Phoenix New Times–Arizona State University is under investigation by the federal government for sexual discrimination and retaliation in a case that raises questions about how the university protects students who report retaliation from other students.
Earlier this month, the Department of Education’s Office of Civil Rights (OCR) notified ASU that it was opening an investigation for potential Title IX violations in the case. The probe began when a graduate student filed a complaint with the government alleging the university had fostered a “sexually hostile environment” by failing to address reports of retaliation by the student’s lab peers after she reported a professor for harassment.
ASU’s alleged failure to intervene reportedly led the student to switch to work in a lab on another campus, at the expense of her research and access to professional opportunities.
AZ Mirror — Arizona State University claimed last month to have received $250,000 from alleged sex-trafficker Jeffrey Epstein, but a new report details additional donations to the school totalling more than $2 million.
BuzzFeed News reported that the donations were made to the Origins Project, which was headed by former ASU Professor Lawrence Krauss, who retired after a BuzzFeed story last year revealed allegations of sexual harassment.
The State Press uncovered unprofessional, inappropriate behavior by ASU School of Film, Dance and Theatre faculty Micha Espinosa, who encouraged students to pretend to breastfeed/”find the nipple” while disusing her own experiences breastfeeding:
Multiple students described an exercise where they were lying on their backs with their legs spread and knees to their chest, a position known in yoga as the Happy Baby Pose. Espinosa instructed students to “find the nipple” by sucking on one of their knuckles while in the position. On one occasion, two students said she made a comment about her son making her nipples bleed while breastfeeding as she led the students through the exercise.
We’d add ASU Transborder Studies professor Marivel Danielson to the list of professors who are inappropriate with students in theatre classes. Dr. Danielson made inappropriate comments in her “Queer Performativity” class and during office hours, flirted with students, and took students to gay bars and house parties.
Lawrence Krauss is retiring after he was found to have violated ASU’s sexual harassment policy and a Dean recommended his termination. He remains on paid leave until May. For a complete list of allegations against Krauss, click here.
ASU says “it is inconceivable how a faculty member in the course of carrying out his work responsibilities could believe that the conduct would ever be appropriate,” but professors at ASU’s Barrett Honors College have gotten away with similar sexual misconduct over the past 20 years:
Eric Susser exposed himself to students on campus in 2002, suggested to Study Abroad students they have a threesome with him, and sexually harassed multiple students during mandatory office hours, but was not fired until 2012; on a Study Abroad trip in 2008, Jacquie Scott touched a female student inappropriately, and grabbed a male student’s hips and forced him to dance with her while insisting he was the “younger version of [her] husband.”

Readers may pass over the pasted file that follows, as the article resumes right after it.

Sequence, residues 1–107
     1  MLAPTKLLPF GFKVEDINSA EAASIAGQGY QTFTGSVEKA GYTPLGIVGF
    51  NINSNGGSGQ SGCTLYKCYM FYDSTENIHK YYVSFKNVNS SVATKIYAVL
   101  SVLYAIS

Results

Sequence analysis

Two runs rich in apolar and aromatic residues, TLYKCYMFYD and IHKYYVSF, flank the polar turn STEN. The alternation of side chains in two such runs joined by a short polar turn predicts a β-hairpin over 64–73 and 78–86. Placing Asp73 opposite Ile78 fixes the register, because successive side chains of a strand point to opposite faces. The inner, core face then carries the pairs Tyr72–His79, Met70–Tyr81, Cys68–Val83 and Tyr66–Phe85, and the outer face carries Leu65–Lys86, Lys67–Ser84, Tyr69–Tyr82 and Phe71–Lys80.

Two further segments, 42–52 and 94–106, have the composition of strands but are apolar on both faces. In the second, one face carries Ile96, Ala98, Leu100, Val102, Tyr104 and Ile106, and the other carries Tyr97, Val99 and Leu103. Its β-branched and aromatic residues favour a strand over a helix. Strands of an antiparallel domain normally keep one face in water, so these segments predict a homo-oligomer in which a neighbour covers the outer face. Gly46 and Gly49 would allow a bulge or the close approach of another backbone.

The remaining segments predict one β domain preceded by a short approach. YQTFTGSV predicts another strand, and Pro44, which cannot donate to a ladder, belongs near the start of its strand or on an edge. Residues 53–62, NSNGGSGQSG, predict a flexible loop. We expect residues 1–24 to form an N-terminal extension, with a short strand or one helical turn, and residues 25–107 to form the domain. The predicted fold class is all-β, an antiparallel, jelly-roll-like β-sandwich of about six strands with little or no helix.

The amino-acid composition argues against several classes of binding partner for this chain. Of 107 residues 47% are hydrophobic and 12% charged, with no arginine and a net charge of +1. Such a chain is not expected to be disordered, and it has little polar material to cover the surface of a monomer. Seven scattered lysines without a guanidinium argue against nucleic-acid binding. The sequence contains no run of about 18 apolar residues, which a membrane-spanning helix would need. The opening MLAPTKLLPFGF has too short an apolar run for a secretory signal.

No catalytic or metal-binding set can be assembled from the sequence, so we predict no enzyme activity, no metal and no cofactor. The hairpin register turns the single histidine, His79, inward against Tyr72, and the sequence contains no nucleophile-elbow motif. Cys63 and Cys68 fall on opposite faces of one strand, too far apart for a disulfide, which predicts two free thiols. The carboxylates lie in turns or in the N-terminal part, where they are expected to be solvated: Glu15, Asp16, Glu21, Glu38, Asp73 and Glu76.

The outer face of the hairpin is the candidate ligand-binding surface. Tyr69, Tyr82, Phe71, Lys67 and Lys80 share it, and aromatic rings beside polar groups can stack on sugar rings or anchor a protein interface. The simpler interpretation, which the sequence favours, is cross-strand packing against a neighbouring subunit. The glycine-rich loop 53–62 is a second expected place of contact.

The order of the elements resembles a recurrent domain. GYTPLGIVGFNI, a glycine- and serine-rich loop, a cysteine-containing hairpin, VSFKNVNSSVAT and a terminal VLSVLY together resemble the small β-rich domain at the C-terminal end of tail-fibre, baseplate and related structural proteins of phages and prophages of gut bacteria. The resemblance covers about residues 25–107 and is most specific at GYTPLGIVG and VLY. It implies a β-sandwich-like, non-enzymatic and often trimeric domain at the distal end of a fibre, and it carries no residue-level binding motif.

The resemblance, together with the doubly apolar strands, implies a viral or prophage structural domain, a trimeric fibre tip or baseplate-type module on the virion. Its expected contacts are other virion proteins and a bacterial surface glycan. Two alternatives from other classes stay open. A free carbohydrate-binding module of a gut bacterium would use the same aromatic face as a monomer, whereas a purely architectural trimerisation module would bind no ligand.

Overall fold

- View ASU’s official report on Krauss here.
- Read more on Barrett professors engaged in sexual misconduct here.
This October we’re calling attention to the near-fatal violence a Barrett freshman experienced while dating her Human Event professor. Barrett Honors College prides itself for encouraging close relationships between faculty and students, but the honors college has a longstanding, systemic problem of faculty using this closeness to sexually and psychologically abuse students.
Trigger Warning: suicide, domestic violence, gun violence
From the Phoenix New Times:
David Conz formed a relationship with a Barrett freshman who recently had completed his Human Event course. Soon after, he shot himself in the mouth. The student later would tell police that Conz was terminated after it was reported to a Barrett dean that he had given her alcohol. Under state law and current ASU policy, it’s more problematic for a professor to hand an underage student a beer than it is for him to sleep with her.
ASU continues to mishandle sexual assault cases. April 2018 an undergraduate reported being sexually assaulted on campus, but 6 months later her case drags on and ASU officials are making excuses for ignoring her:
“I constantly would check in for updates and my answer was always the same,” she told ASU State Press. “I was told that other reports were still being taken care of and that my report would be finished as soon as they could.”
“Time after time, I began to feel hopeless,” she said. “I felt like I didn’t matter and that my case wasn’t important enough as it had been going on for so long and still is as of October 2018.”
On July 31, 2018 an Arizona State University investigation concluded that professor Lawrence Krauss violated ASU’s sexual harassment policy when he groped a woman at a conference. He has yet to be fired.